Valtellina (From The It. Vol Tellina; Ger. Veltellin Or Veltlin), a valley of Lombardy, in the province of Sondrio, separated by the Rhaetian Alps from the Engadine, bounded N. by the Swiss canton of Grisons, N. E. by Tyrol, from which it is separated by the Ortler and the Stilfser Joch, S. by the provinces of Brescia, Bergamo, and Como, and W. by the lake of Como and the valley of Chiavenna. The valley of Valtellina proper is 45 m. long, and with its continuation, the Valley of Bormio, 55 m. Together with the valley of Chiavenna it constitutes the province of Sondrio; and the three valleys are sometimes collectively called Valtellina. It is remarkable for fertility, the chief products being wine, grain, fruit, and cheese. The three valleys belonged in the latter part of the middle ages to the dukes of Milan. They became part of Grisons in 1512, and through the influence of France remained in possession of the Swiss despite the efforts of Austria during the thirty years' war to secure the territory. In 1797 Valtellina became part of the Cisalpine republic, and in 1804 of the French department of Adda. In 1814 it came under Austrian rule as part of Sondrio, and in 1859 under Italian rule.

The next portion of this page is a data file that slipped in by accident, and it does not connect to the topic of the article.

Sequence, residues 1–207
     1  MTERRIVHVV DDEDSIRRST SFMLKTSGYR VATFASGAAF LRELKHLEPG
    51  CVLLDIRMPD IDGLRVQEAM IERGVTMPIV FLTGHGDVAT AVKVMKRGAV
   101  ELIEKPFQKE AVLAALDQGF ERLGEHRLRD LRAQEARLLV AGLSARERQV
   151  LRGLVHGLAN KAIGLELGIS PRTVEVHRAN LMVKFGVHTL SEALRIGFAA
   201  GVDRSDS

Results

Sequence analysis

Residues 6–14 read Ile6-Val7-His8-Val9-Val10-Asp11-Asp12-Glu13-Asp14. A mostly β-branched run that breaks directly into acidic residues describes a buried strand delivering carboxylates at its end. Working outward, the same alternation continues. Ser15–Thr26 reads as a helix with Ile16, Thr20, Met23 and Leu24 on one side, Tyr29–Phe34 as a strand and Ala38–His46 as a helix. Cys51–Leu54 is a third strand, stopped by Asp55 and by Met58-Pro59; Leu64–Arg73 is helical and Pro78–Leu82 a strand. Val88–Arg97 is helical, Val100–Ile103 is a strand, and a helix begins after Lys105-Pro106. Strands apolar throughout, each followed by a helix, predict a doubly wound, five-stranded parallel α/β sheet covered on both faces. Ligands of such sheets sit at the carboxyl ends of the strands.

Besides Sondrio, the capital of the province, the most noted localities are Teglio, formerly the capital of Valtellina; Grossotto, where a fearful massacre of Protestants took place on July 19,1620, known as the Valtellina massacre; and Morbegno, where the inquisition took up its headquarters after this episode, and which derived its name from the prevailing malaria.